Working in any type of job that puts you in situations where you're constantly having to de-escalate scenarios is emotionally draining, which is a big chunk of the kind of what law enforcement requires.
Having to maintain equanimity when individuals are at their most angry, depressed, violent, despondent, drunk, etc. is extremely difficult, especially when you hear horror stories of officers being gunned down by suspects during routine traffic stops.
However, de-escalation training has proven to be an effective tool in not only minimizing violence but further charges for the individual in question. If police officers are able to calm a scenario down, that's a powerful skill to have. As of 2021, 21 US states still don't require police departments to implement de-escalation training as part of their curriculum.
And according to Justin-Brown Woods, a former police officer+current teacher, he said that his police training program demonstrated an almost schizophrenic view on handling pressurized situations. In a now-viral Twitter thread, he delineates his reasons for becoming a police officer, and why he ultimately decided to get out of that game after only 10 days.
For Justin, pursuing a career in law enforcement was a way for him to connect with juveniles and help direct them on paths/practices that were more conducive to their long-term goals/dreams.
After applying he decided to do as much studying as possible, checking out episodes of Live PD (before it was taken off air) and studied as many materials pertaining to officer protocol and local laws as possible.
Justin was hopeful that his new career path would ultimately make a difference in the lives of his community.
However, he felt that the tactics taught by his superiors were deceptive, dishonest, and designed to entrap individuals into being criminals, as opposed to helping them out.
He highlighted the milk crate example as a "probable cause gateway" into searching potential suspects for...well...just because.
He goes on to talk about the experiences he has with superiors in Academy. The screaming, and physical contact he endured during a scenario re-enactment left him with one big lesson: that he never wanted to act or sound like the "local cop" he referred to in the tweet.
Just went on to rattle off all of the acts of kindness he performed while in Academy, and that he made quite the impression on fellow recruits and individuals from external programs. For Justin, he didn't think he did much: he just tried to be compassionate.
He ends up getting hired by a dual-service department, with shift rotations between being a firefighter and police officer. And at first, everything seems great, until he starts getting taught defensive tactics.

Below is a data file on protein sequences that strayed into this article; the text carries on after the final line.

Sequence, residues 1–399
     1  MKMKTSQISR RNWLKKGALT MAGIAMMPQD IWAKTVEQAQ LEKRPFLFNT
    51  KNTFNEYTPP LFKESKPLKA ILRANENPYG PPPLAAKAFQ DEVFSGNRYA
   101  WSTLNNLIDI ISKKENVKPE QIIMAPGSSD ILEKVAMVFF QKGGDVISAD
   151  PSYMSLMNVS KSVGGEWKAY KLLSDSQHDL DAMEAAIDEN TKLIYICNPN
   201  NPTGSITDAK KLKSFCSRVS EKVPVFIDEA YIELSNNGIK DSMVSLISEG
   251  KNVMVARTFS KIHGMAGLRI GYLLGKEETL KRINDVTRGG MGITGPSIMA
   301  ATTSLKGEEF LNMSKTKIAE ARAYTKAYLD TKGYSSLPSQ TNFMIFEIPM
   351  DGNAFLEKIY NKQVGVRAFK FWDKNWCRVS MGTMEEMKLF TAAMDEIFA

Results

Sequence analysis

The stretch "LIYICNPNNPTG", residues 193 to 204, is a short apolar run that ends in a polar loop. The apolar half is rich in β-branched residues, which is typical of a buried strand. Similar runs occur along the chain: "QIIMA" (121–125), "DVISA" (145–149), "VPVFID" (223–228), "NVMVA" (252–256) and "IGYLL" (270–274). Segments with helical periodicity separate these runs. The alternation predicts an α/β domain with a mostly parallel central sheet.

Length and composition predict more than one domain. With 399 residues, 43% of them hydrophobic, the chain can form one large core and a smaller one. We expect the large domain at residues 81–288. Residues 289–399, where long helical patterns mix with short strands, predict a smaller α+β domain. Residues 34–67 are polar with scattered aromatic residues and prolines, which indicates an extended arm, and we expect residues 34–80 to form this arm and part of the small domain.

He also couldn't believe the violent rhetoric that was being relayed to new recruits and pointed out that one of the more aggressive personalities on the force ended up being sued in a court of law for stealing money and drugs.
Justin also couldn't reconcile his personality with the "boys club" attitude he encountered from many of the police officers, like the one officer who told him he didn't trust him as he wouldn't "listen to veterans."
He also highlighted instances where cops would abuse their power for personal sordid entertainment.
On the fifth day of his new job, he had to get tasered, which he describes as "not fun" as well as listen to discriminatory comments about Latino drive whose car had an expired registration.
It was at this point that Justin was really struggling with the idea of being a cop full-time. He called up his family members and discussed the prospect of quitting. He thought he'd be able to "act" his way through it but couldn't.
He went home and prepped his notice and vowed that if the following day was just as bad as the rest, he would submit it and quit the department.
He responded to a tow truck situation involving a former relationship between one of the officers and a woman who was having her car towed.
Justin said the officer displayed "zero class" throughout the debacle.
Justin decided enough was enough, he turned in his gun and badge and said that he didn't want to be a police officer anymore and received a classy response from one commander and a not-so-classy response from another.
After quitting the force, Justin immediately started substitute teaching as a stop-gap solution, but ended up discovering that being a teacher is everything he's wanted to do. He said that he feels as if he's making an actual change in his profession.
His Twitter thread received tens of thousands of interactions and people were shocked to see some of the behavior exhibited by the officers Justin spoke of.